As John Wesley once stresses “the person who makes all they can, without both saving and giving all they can may be a living person, but they are a dead Christian”. By this he meant, that we are called to follow the self-sacrificial example of Christ, not the self-indulgent example of Donald Trump, Bernie Madoff (with the loot), prosperity preachers, and in general all those consumed with consumption. We live in a self-centered culture and so it requires conscious effort and activity to swim against the cultural flow.
Paul sets a good example when he says “I have learned to be content whatever the circumstances. I know what it is to be in need, and I know what it is to have plenty. I have learned the secret of being content in any and all situations, whether well fed or hungry, whether living in plenty or want. I can endure all things through Him who strengthens me.” (Phil. 4.11-12—noting the proper translation of the ‘superman verse’ vs. 12 which literally reads “I am able…. all things”. The context suggests we must fill in the blank with the word ‘endure’ not ‘do’).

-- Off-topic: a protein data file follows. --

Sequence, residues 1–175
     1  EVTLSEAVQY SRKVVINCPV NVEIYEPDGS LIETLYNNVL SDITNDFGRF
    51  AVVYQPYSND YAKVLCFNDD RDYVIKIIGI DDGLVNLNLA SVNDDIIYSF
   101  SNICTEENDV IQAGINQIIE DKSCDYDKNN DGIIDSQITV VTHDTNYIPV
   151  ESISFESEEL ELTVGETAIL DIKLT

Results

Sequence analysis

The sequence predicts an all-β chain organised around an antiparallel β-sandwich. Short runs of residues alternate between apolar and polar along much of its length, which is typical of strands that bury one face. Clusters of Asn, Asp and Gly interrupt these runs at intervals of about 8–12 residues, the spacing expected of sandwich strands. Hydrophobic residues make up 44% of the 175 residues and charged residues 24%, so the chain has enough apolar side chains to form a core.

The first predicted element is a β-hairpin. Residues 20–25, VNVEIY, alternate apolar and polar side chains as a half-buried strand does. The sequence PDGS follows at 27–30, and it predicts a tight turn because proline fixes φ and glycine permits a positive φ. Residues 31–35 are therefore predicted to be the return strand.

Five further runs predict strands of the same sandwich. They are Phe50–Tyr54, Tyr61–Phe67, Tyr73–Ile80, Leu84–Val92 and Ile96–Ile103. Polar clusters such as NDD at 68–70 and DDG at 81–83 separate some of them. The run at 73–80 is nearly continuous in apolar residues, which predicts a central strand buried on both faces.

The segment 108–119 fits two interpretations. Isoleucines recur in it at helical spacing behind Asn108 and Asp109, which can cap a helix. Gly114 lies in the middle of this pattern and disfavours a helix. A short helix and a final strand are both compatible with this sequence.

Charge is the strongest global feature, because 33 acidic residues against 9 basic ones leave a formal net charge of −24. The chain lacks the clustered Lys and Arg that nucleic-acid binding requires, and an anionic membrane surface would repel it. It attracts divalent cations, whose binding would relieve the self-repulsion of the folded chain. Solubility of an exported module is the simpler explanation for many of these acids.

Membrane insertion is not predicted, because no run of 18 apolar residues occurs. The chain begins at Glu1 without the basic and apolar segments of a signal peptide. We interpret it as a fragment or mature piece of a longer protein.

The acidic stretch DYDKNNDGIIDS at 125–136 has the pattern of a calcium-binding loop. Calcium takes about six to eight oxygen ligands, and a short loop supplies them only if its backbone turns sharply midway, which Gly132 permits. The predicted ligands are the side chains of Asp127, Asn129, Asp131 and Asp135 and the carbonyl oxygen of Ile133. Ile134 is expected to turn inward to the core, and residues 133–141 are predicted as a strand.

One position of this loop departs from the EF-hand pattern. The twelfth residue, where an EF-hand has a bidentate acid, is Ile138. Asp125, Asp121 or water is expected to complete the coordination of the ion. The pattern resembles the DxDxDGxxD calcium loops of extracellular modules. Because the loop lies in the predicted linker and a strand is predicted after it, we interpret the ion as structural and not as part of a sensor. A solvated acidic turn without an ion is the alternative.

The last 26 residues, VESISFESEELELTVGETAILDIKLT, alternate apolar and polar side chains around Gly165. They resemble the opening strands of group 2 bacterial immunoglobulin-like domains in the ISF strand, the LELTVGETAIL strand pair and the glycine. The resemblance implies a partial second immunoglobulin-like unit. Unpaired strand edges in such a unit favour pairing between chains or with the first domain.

If one will begin to live on the basis of these principles one can begin to find one’s way out of the economic wasteland we find ourselves in. We must live within our means, and having said that, we need to drastically downscale our expectations about our lifestyles. We are not called to lifestyles of conspicuous consumption or lifestyles of the rich and famous. Those lifestyles are not Christian, they are just fallen people behaving badly.
In the second part of this post we will talk about how trust and hope are in fact the basis of any sound Christian approach to economics---but those in whom we invest our trust must be truly trustworthy……Do you know who is and isn’t trustworthy these days?